Twitter Data For Research
Twitter data also provides a rich account of thoughts, feelings, ideas, opinions and motives. Governments and public sector institutions mine Twitter data for political motives. Hashtags and comments can illuminate old, new and emerging sociopolitical trends.
In academic study, Twitter data is used for sociological, philosophical or political study and commentary. Journalists and the media mine Twitter data to explore trends. It’s also possible to compare sentiments surrounding current affairs and events to discover sites of dissidence or resistance. Key influencers can be identified for further research. Law enforcement mine Twitter data to uncover insights about propaganda or illicit activity. It’s worth acknowledging that Twitter likely sanctions such uses of Twitter data and that complex legalities apply.
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How To Mine or Scrape Twitter
One of the most popular tools used to scrape Twitter is ScrapeHero. ScrapeHero and other scraping services provide no-code services for scraping Twitter data without the Twitter API. Of course, just because you’re using a legitimate scraping service doesn’t mean that your scraping activity itself is legal or compliant, so make sure to do your own research and due diligence.
The following is an informational guide to scraping data from Twitter for compliant and legal uses only. Such information is intended only as educational advice.
You can typically scrape some of the following fields:
Inputting URLs and Downloading Twitter Data
There are a few ways to provide input URLs to Twitter crawlers.
Firstly, you can get the target input URL from the Twitter Advanced Search function. Here, you’re able to filter based on people, dates, keywords, etc. You can toggle languages and set inclusion criteria for hashtags. It’s also possible to filter posts above or below a certain retweet threshold.
For example, if you input the keyword ‘Pfizer’ and set the field from 10/08/2014 to 10/08/2015, you will generate this URL:
You can also provide the target URL from an account:
Or a hashtag:
See ScrapeHero below:
Once you click Continue, you will see the following window:
Once the Twitter Scraper finishes, you’ll be able to view your results and download the data. CSV, JSON and XML are typically available.
You’ll also be able to set up scheduled crawls for periodical scraping.
Processing Scraped Data
There are numerous ways to process scraped text data. For example, you might want to analyse a small sample by hand, but you might need to process the data using an NLP studio or manually using Python.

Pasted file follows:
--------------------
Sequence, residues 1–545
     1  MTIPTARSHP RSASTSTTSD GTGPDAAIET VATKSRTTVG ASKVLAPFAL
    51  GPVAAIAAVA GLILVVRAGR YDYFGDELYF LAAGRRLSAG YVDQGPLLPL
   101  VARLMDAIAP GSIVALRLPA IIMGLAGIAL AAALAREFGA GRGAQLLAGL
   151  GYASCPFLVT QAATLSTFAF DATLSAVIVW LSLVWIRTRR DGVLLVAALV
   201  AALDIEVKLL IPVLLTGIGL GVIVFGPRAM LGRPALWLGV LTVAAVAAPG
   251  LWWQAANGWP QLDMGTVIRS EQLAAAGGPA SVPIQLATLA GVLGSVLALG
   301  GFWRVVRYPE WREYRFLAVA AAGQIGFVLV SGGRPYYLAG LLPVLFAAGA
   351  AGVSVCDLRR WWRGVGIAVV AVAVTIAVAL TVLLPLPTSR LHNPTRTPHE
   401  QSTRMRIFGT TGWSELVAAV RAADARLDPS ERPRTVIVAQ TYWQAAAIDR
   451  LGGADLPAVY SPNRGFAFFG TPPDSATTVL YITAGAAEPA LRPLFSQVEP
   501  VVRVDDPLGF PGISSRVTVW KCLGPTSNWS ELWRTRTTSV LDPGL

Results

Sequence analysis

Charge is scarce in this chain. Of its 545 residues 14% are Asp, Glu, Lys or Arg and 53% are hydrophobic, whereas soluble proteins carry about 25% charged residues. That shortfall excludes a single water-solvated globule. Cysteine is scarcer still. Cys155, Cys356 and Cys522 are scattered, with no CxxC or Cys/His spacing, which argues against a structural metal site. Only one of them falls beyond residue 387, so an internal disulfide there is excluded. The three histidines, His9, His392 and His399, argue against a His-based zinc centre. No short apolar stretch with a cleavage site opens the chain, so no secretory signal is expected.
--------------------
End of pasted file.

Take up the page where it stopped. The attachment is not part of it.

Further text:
Here is a quick tutorial using Python and Notepad++. For sentiment analysis, you can find a list of positive and negative opinion words here. Care should be exercised when conducting sentiment analysis in this way, as the presence of an opinion word does not necessarily indicate positive or negative sentiment.
If you simply want to count the opinion words from either a positive or negative list, then you’ll need to clean your tweets to tokenize them for analysis.
with open (‘data.txt’) as f:
txt = f.read ()
txt = re.sub (‘[, \ . () “: ; [email protected]#$%^&*\α] | \ ‘ s | \ ‘ ‘ , ‘ ‘ , txt)
word_list = txt.replace (‘ \n ‘, ‘ ‘) . replace (‘ ‘, ‘ ‘) . lower () . split (‘ ‘)
You’ll need to create dictionaries and parse your data to discover the total number of positive and negative words. Then, this data can be imported into a dashboard for visualisation.
Once you’ve tokenized your text, there are numerous ways to analyse your resulting data. Counting the number of positive and negative words is a quick and dirty way to discover sentiments. Ideally, it’d be better to use supervised or unsupervised models to extract deeper semantic meanings rather than simply adding up the words.
Manual analysis is a viable option for those who aren’t code-savvy, especially when working with small, detailed samples.
Summary: How to Scrape Twitter Data
Twitter is an exceptionally rich resource of human opinion, thoughts, feelings and ideas. In data mining, Twitter is useful for everything from deriving political and social opinions and trends to location brand and product mentions.
The legalities and regulations surrounding data mining are more fragile than ever, so make sure you do your due diligence based on your project and intentions. In addition, separate rules apply to the act of data processing than they do to mining itself.
Is web scraping Twitter legal?
The legality of web scraping pertains mainly to the use of the data, rather than legality. There are situations where scraping personally identifiable information to use for certain reasons is a criminal and civil offence. Data mining is commonplace on the internet and most benign purposes for data mining are perfectly legal.
Is the Twitter API good?
Twitter allows access to the use of certain data via its API. The API is good for smaller queries but using other techniques for Twitter data mining are faster and more flexible.
What is Twitter data good for?
Twitter is excellent for many types of content analysis because Tweets are short, manageable and well-structured. The simplicity and regularity of Twitter content make analysis simple compared to other sources. Twitter data can be used for sentiment analysis, social insights, trends analysis, competitors, opinion gathering, reputational management, etc.